Years of negotiation
In response to Agate’s Data Practices request, MPCA provided hundreds of documents, including emails, edited versions of the permit, calculations, notes, reports, and briefing papers. Together they reveal the long and convoluted process of writing a permit. Essentially the agency must navigate the terrain between a company that wants to do something and the necessity to protect the environment and public health.
Starting in 2016, MPCA and Northshore began negotiating over the wording of the permit and the Technical Support Document (TSD), which lays out the scientific justification for the terms of the permit.
This happened to be a period when ambient levels around the plant were slightly higher than in recent years, for reasons unknown to MPCA staffers.
The agency began by proposing a limit of 3,300 fibers per cubic meter. Using a different period as a baseline, Northshore suggested 4,800.
In an internal memo, an MPCA staffer observed: “The tribes and citizens have been pushing for reduction in ambient fiber concentration for many years. [Our] proposed Action Level represents a small reduction to address their concerns, and it provides sufficient margin of compliance for recent rise in ambient fiber concentration.” In other words, there’s enough slack to cover the recent uptick.
In 2018 the MPCA decided on a level of 4,000 fibers per cubic meter.
“At times impatience showed through.”
Northshore’s other proposed changes for the Technical Support Document were mainly aimed at streamlining and downplaying scientific uncertainties. In January, 2018, Northshore’s Environmental Manager, Andrea Hayden, wrote to MPCA staffers: “If the [Technical Support Document] expresses uncertainty or lack of consensus, it foreshadows imminent public health risks and thus undermines the proposed regulatory approach of ‘monitor and maintain’ in lieu of one requiring reductions. The TSD needs to express certainty that the available data have not supported establishment of a health risk factor—this is the basis for the proposed approach.” She further suggested the benefits of establishing “a strong record on this issue, which is anticipated to serve as an immediate reference point for other regulatory agencies and actions…”
Hayden and her colleague at Northshore, Scott Gischia, repeatedly emphasized the fact that the permit is not based on a health standard because none exists. They highlighted the lack of evidence of harm, inserting wording such as “available evidence does not currently reflect any increased risk for the broader community.” They tried to remove information about research on possible health effects of fibers in order to minimize uncertainty. For example, they crossed out this: “Sufficient data do not exist to set a traditional health-based standard for Minnesota Fibers, nor can it be firmly established that exposure to these fibers is inconsequential to public health.”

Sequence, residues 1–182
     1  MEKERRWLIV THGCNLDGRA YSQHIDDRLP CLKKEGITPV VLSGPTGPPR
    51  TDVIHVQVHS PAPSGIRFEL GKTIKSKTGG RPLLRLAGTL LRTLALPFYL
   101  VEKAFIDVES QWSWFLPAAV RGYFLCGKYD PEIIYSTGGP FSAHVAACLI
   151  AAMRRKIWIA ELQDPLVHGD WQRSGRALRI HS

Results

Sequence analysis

This back-and-forth writing and re-writing was carried on for months in bland bureaucratic language with a touch of Minnesota Nice. But at times impatience showed through.
In late 2017 Hayden asked for time to review the documents again before the agency made a formal public announcement of the process.
The MPCA’s Project Manager, Eric Alms, responded politely. “We do believe that your feedback and the feedback of many others has dramatically improved [the documents]. At this point we are still planning on moving forward with pre-public notice and public notice with the current drafts.” In spite of this hard line, he assured the company that “This is still a draft permit and would need to go through the formal procedures for public participation before issuing a major amendment.”
“Engagement yes, mostly.”
Apparently discomfited by the plan to move forward, Northshore’s Scott Gischia wrote back with a pointed warning: the negotiated process is designed to “avoid a more complicated legal process,” he said, adding, “I would remind PCA that it remains in a challenging position with no direct legal authority to regulate the elongate mineral particles in question.”
MPCA stuck with its plan to move ahead, but offered more reassurance: “We will keep you informed about the timing of the early notice and public notice so that there are no surprises.”
Then the Christmas and New Year’s holidays intervened and in mid-January negotiations got back on track without the muted sparring. But more uncomfortable moments lay ahead.
In April 2018, Northshore’s negotiators sent the documents to upper management for approval. They said this should only take a couple of days, but then they followed up by asking the MPCA to put the air permit on hold and work instead on a pending permit for a new boiler. As MPCA Duluth Regional Manager Jeff Udd explained in an email to other staffers: “They are really concerned that the fiber amendment will get comments and the issues will take some time to get resolved and delay the schedule for the boiler amendment.” MPCA promised it would deal with the boiler permit even if the control city standard project got derailed.
At the same time, Jeff Udd apparently had unsettling thoughts when he reviewed the plan staffers had presented to the MPCA Advisory Committee two years earlier. At that time, MPCA staff had planned to get feedback from several agencies that have long been involved in fibers issues and to hold a public informational meeting in Silver Bay. “Did we really do this?” Udd asked his colleagues in an email. A supervisor, Suzanne Baumann, replied: “Engagement yes, mostly. Public meeting, no.”